cosmo- Look up cosmo- at
before a vowel cosm-, word-forming element from Latinized form of Greek kosmos (see cosmos). In older use, "the world, the universe;" since 1950s, especially of outer space.
cosmogony (n.) Look up cosmogony at
1690s as "a theory of the creation;" 1766 as "the creation of the universe," from Latinized form of Greek kosmogonia "creation of the world," from kosmos "world, universe" (see cosmos) + -gonia "a begetting," from gonos "birth" (from PIE root *gene- "give birth, beget").
cosmography (n.) Look up cosmography at
"description of the universe," mid-15c., from cosmo- + -graphy. Related: Cosmographic.
cosmological (adj.) Look up cosmological at
1825, from cosmology + -ical.
cosmology (n.) Look up cosmology at
1650s, from Modern Latin cosmologia, from Greek kosmos (see cosmos) + -logia "discourse" (see -logy). Related: Cosmological; cosmologist.
They cannot scare me with their empty spaces
Between stars--on stars where no human race is.
I have it in me so much nearer home
To scare myself with my own desert places.

[Robert Frost, from "Desert Places," 1936]
cosmonaut (n.) Look up cosmonaut at
1959, Englishing of Russian kosmonavt, ultimately from Greek kosmos (see cosmos) + nautes "sailor" (from PIE root *nau- "boat").
cosmopolitan (adj.) Look up cosmopolitan at
1844, from cosmopolite "citizen of the world" (q.v.) on model of metropolitan. The U.S. women's magazine of the same name was first published in 1886. Cosmopolitanism first recorded 1828.
cosmopolite (n.) Look up cosmopolite at
late 16c., "man of the world; citizen of the world," from Greek kosmopolites "citizen of the world," from kosmos "world" (see cosmos) + polites "citizen" (see politic). In common use 17c. in a neutral sense; it faded out in 18c. but was revived from c. 1800 with a tinge of reproachfulness (opposed to patriot).
cosmos (n.) Look up cosmos at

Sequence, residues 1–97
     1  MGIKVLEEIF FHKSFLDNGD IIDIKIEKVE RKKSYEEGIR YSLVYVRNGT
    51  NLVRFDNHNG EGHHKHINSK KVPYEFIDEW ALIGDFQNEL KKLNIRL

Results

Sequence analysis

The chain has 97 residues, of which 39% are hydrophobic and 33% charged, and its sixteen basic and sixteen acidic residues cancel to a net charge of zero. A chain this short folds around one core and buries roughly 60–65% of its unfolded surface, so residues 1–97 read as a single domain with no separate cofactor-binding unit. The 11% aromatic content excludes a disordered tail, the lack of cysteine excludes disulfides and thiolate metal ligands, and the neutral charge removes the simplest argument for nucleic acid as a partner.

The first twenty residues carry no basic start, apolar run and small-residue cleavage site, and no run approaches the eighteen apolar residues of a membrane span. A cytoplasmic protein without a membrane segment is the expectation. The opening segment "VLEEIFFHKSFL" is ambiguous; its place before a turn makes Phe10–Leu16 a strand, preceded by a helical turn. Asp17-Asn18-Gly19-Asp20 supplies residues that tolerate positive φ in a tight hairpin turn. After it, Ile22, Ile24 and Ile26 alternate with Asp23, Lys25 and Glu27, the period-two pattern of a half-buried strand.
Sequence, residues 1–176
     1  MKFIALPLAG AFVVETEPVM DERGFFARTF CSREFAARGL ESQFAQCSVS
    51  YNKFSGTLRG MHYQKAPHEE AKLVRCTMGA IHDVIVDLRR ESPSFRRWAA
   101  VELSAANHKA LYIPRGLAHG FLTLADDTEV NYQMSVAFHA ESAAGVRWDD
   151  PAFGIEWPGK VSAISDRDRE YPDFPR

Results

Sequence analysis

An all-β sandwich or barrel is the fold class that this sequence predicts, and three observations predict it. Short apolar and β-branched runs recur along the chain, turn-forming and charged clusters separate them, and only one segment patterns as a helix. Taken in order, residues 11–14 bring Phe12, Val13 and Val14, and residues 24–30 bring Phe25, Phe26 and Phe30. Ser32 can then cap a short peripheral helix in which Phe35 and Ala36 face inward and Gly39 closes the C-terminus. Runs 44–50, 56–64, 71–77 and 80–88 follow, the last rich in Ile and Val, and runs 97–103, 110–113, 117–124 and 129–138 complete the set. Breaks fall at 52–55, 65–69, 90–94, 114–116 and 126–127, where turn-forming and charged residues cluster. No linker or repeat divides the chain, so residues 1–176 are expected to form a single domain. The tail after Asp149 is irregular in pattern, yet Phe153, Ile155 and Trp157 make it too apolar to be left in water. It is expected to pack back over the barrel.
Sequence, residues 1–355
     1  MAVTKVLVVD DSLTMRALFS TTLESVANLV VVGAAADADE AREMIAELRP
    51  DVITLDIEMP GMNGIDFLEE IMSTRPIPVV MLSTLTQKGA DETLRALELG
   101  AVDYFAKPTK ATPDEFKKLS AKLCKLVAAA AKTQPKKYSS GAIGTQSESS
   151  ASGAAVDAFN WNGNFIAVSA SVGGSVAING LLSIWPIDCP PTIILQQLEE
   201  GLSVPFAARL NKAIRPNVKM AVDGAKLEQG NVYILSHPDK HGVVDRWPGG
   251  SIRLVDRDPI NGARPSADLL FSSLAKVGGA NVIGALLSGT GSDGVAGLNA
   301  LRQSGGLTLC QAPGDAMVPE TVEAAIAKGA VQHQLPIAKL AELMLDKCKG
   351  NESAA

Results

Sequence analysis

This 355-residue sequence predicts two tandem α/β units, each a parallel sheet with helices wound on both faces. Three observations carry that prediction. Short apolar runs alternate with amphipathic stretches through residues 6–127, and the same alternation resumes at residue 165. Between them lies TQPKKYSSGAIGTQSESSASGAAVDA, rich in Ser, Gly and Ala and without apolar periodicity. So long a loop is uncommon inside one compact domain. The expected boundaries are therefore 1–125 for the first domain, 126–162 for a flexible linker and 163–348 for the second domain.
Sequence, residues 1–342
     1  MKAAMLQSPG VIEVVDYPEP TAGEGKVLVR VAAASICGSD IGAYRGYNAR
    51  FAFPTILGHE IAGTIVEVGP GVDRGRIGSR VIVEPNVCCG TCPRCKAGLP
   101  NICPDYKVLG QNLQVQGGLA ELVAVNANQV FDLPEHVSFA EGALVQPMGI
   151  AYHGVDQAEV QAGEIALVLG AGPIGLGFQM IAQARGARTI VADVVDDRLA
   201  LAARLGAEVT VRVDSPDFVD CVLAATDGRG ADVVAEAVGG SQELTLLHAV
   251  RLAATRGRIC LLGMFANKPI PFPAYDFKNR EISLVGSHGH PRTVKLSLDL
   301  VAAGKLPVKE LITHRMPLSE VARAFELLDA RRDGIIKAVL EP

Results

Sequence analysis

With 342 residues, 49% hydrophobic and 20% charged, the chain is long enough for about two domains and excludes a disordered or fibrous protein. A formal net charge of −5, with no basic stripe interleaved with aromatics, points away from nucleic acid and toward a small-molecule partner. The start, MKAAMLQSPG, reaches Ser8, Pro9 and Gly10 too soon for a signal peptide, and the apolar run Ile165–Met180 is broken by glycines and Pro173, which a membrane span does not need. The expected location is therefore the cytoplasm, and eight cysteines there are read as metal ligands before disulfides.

c. 1200 (but not popular until 1848, as a translation of Humboldt's Kosmos), from Latinized form of Greek kosmos "order, good order, orderly arrangement," a word with several main senses rooted in those notions: The verb kosmein meant generally "to dispose, prepare," but especially "to order and arrange (troops for battle), to set (an army) in array;" also "to establish (a government or regime);" "to deck, adorn, equip, dress" (especially of women). Thus kosmos had an important secondary sense of "ornaments of a woman's dress, decoration" (compare kosmokomes "dressing the hair") as well as "the universe, the world."

Pythagoras is said to have been the first to apply this word to "the universe," perhaps originally meaning "the starry firmament," but later it was extended to the whole physical world, including the earth. For specific reference to "the world of people," the classical phrase was he oikoumene (ge) "the inhabited (earth)." Septuagint uses both kosmos and oikoumene. Kosmos also was used in Christian religious writing with a sense of "worldly life, this world (as opposed to the afterlife)," but the more frequent word for this was aion, literally "lifetime, age."
Cossack (n.) Look up Cossack at
1590s, from Russian kozak, from Turkish kazak "adventurer, guerilla, nomad," from qaz "to wander." The same Turkic root is the source of the people-name Kazakh and the nation of Kazakhstan.
cosset (v.) Look up cosset at
1650s, "to fondle, caress, indulge," from a noun (1570s) meaning "lamb brought up as a pet" (applied to persons from 1590s), perhaps from Old English cot-sæta "one who dwells in a cot" (see cote (n.) + sit (v.)). Related: Coseted; coseting. Compare German Hauslamm, Italian casiccio.
cost (v.) Look up cost at
late 14c., from Old French coster (Modern French coûter) "to cost," from cost (see cost (n.)).
cost (n.) Look up cost at